And yes, they rotate tags to keep resistance under control, emphasizes Church. “Fly tags have been a part of our fly control program since Champion Cattle Company was formed. It is by far the most economical way to keep flies under control. We tag the animals and pretty much leave them to eat and grow.
“From a labor and economics standpoint,” Church claims, “insecticide ear tags makes total sense for us. In today’s cattle market, a pound of gain on a calf is worth at least $1.00/lb., if not more. That means we’re making at least $15 to $20 per calf by having good fly control. That’s a no-brainer in today’s cattle market.”
Because of their location, Church starts tagging in early April. “These cattle are tagged with the Patriot tag and then those cattle won’t be caught again until late summer. That is why we use the Patriot tag because we don’t worry about the tag not providing good control during the time period. However, with resistance always a concern, we’re looking at extending the control and staving off resistance with the rotation to Avenger ear tags this season. We haven’t used them yet; however, we have seen the data and it is impressive, especially for the length of the season we have to have fly control.”
According to Blackburn, “We let the market dictate the type of cattle we buy.” For instance, they can buy the weight cheaper than they can put it on right now, so that’s what they’re doing. Champion is structured to bend and flow with the markets and the customer’s demands. “When corn was $2/bushel, we could put it on cheaper than buying the weight. But with the current price of corn, we can buy the weight cheaper,” Blackburn notes. Currently they’re buying six-weight cattle and finishing those types of cattle.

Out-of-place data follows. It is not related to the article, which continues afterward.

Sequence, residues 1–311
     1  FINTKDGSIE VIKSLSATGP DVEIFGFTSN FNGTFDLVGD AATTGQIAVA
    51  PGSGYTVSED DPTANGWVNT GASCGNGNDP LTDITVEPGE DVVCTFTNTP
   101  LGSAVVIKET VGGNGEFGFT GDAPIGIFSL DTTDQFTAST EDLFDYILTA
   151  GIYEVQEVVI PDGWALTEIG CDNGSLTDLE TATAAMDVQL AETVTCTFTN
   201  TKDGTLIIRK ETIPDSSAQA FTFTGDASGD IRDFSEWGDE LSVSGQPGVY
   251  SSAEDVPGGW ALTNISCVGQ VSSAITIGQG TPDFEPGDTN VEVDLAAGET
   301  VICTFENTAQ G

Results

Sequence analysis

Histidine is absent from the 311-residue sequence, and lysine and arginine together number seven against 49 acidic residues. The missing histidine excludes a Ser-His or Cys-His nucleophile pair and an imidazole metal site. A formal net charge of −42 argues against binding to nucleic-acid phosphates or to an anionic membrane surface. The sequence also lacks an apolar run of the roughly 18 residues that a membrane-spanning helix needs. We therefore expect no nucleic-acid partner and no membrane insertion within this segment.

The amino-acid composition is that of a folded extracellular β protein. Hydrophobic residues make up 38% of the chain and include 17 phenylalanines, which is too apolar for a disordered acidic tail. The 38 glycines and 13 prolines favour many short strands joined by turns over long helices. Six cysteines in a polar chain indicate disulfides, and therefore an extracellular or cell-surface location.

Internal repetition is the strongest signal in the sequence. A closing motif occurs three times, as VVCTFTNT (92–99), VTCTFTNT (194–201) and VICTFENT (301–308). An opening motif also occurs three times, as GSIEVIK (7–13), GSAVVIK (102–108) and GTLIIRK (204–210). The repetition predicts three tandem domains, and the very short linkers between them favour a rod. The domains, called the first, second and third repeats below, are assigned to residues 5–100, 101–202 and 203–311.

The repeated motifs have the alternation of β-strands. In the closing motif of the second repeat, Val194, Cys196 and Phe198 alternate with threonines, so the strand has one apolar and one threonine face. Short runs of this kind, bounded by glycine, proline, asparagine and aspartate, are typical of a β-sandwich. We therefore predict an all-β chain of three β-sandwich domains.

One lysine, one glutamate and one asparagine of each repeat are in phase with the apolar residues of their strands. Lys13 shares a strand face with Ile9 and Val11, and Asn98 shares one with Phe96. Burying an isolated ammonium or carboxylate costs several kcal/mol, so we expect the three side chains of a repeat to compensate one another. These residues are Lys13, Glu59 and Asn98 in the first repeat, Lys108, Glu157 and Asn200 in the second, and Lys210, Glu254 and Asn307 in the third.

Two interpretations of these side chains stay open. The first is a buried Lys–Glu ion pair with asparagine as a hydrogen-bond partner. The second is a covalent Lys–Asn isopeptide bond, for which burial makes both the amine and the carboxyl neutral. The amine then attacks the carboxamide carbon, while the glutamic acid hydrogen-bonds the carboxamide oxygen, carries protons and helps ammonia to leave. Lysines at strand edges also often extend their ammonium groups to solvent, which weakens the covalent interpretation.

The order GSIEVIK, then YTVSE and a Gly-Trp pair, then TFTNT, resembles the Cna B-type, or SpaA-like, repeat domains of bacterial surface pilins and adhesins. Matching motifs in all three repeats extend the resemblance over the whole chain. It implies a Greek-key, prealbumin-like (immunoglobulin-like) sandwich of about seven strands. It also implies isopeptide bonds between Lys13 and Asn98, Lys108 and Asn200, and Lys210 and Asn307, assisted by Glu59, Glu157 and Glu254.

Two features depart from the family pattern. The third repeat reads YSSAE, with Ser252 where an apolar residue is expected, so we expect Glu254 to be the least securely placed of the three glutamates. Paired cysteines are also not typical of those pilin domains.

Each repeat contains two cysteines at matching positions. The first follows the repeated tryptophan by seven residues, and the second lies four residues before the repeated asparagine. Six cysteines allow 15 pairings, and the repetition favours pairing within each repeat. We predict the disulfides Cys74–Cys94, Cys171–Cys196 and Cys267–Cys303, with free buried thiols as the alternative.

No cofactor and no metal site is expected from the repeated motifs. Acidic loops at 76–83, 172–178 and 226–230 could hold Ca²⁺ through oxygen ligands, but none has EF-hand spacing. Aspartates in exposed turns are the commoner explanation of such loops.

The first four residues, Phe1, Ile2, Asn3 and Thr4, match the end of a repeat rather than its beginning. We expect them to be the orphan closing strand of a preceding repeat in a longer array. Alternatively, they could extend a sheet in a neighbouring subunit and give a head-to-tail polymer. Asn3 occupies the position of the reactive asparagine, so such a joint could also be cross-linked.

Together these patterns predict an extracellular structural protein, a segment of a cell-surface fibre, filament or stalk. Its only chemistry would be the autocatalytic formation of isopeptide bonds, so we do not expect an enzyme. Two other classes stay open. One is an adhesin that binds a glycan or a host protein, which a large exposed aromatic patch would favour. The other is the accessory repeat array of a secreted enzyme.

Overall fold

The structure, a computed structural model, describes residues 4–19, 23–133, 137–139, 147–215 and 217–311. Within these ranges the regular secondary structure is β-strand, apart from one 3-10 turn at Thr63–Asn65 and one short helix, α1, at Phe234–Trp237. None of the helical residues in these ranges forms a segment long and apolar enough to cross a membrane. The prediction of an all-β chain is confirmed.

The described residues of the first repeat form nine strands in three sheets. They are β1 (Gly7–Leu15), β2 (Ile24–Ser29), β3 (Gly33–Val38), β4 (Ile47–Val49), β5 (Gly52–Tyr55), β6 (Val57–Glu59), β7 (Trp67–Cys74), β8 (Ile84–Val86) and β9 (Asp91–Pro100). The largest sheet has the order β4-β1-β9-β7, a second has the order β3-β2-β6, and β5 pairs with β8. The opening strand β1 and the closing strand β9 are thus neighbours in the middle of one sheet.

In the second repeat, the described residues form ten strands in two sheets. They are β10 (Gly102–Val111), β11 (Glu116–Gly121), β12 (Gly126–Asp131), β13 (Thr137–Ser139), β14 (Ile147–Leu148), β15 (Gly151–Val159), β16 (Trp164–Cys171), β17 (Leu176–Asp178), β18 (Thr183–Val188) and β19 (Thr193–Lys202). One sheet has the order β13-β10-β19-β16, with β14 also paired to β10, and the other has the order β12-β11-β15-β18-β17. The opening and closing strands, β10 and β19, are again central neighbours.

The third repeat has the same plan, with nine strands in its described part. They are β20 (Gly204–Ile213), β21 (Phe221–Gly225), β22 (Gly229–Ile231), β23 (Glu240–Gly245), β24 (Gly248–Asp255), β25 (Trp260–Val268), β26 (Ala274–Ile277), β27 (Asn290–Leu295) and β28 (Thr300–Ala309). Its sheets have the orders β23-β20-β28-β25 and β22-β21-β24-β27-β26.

In the summer of 2006, a computer system with management software to help in tracking the movement of cattle was installed. “This system allows them to monitor expenses associated with individual lots of cattle,” says Church. “We have found keeping records on the back of an envelope may not always provide us with all the details needed. The record keeping we do is as important to our bottom line as keeping the cattle inside the fence.”
And as the incoming President (2010-2011) of the North Carolina Cattlemen’s Association, taking the stress off of the cow/calf producer fits perfectly into Shepard’s future plans. “The foundation and future to value-added beef products for consumers starts and ends with the cow/calf producer,” Shepherd states. “If we can’t help make this segment of the beef business profitable, then producers like us who are in the feeder calf business will be out of business pretty quickly. This in turn hurts the feed companies and the entire food chain. It’s a daunting task that we take very seriously. We have to do something now, not 10 years from now.”
Shepherd, Blackburn, and Church strive to produce “quality pounds of beef” with reasonable profitability. The trio attributes their success to the diligence used when purchasing quality animals to introduce to the program, well-managed nutrition and effective animal health programs, and utilizing strategic marketing options.
Looks like the industry is in good hands.